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Pietermaritzburg, KwaZulu-Natal, South Africa

Site Institution: Harry Gwala Regional Hospital
U.S. Institution: Yale University
Research Focus: Tuberculosis, HIV-associated tuberculosis

Site Description:
Harry Gwala Regional Hospital (formerly known as Edendale Hospital) is a large (>900 bed) public facility in Pietermaritzburg, the capital city of the province of KwaZulu-Natal, where the burden of tuberculosis and HIV is highest in South Africa. The training site operates under joint supervision of Dr. Douglas Wilson at Harry Gwala Regional Hospital and Dr. Ted Cohen at Yale School of Public Health, who have been colleagues for over 10 years and have conducted research together on tuberculosis and HIV-associated tuberculosis with continuous NIH grant support since 2009. Together Dr. Wilson and Cohen have successfully conducted prospective cohort studies, postmortem studies, and interventional studies within Harry Gwala Regional Hospital and the surrounding community.

Given the tremendous local burden of both tuberculosis and HIV, there remains a wealth of clinical and operational research questions relating to better treatment of these diseases (and associated conditions) and better control of disease in the community.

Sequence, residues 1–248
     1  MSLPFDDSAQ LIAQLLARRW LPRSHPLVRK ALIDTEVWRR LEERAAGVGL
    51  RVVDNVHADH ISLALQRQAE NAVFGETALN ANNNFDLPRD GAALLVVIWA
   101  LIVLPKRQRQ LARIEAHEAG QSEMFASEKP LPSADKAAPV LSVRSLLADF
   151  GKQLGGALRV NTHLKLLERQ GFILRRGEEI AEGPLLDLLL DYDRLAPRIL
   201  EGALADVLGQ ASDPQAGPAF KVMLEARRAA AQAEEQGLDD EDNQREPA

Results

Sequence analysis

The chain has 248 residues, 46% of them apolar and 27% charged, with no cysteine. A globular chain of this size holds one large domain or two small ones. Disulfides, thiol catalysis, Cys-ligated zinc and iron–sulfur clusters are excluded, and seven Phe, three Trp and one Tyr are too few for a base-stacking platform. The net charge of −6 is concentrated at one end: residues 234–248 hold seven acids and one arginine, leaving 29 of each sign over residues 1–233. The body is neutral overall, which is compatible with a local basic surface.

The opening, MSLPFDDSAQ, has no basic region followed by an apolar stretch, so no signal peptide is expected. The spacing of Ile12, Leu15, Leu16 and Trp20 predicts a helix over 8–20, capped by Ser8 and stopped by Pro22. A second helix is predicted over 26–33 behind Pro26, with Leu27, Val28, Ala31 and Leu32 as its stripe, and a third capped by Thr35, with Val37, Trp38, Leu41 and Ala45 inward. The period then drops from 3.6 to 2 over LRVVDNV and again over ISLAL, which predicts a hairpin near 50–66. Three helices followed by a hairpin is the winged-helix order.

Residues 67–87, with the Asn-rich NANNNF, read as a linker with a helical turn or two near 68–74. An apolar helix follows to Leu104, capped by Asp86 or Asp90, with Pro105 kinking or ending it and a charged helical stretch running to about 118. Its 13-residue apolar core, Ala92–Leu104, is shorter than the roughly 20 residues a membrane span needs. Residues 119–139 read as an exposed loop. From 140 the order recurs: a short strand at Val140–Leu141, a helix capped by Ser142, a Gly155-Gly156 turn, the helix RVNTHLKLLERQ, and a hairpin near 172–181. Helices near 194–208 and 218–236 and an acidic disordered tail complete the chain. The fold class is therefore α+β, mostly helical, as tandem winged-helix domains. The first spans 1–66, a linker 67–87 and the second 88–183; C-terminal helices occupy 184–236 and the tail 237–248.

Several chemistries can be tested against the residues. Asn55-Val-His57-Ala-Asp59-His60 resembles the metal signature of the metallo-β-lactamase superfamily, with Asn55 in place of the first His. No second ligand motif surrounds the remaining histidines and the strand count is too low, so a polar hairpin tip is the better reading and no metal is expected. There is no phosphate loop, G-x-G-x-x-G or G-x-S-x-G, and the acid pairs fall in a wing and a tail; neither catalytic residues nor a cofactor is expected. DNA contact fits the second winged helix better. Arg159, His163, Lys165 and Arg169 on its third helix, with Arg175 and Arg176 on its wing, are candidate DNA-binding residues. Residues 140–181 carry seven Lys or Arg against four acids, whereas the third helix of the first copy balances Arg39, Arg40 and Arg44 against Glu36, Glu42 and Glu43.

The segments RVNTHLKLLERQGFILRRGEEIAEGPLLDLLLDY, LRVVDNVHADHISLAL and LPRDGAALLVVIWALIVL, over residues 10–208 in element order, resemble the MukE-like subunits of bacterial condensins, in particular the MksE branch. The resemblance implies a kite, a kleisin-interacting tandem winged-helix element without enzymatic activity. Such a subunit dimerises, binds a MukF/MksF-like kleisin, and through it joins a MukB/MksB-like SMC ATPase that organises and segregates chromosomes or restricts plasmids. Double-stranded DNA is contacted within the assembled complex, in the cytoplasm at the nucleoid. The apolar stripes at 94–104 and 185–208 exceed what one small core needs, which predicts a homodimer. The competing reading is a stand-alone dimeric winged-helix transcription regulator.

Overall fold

Dr. Wilson has established a local NGO, Umkhuseli Innovation and Research Management (UIRM), which has served as the primary recipient organization for NIH, Gates and Wellcome Trust awards and provides a unique local infrastructure for supporting research on TB and HIV in the region. UIRM specializes in implementing and facilitating research projects designed to improve healthcare outcomes in challenging settings, in partnership with international research institutions.

Current or recent projects include:
  • Biomarkers of early response to multi-drug resistant tuberculosis and composition of multi-drug resistant mycobacterium tuberculosis strains during treatment. Multidrug-resistant tuberculosis and HIV co-infection: biomarkers and composition of recurrent TB
  • Tuberculosis diagnostics among HIV-infected individuals.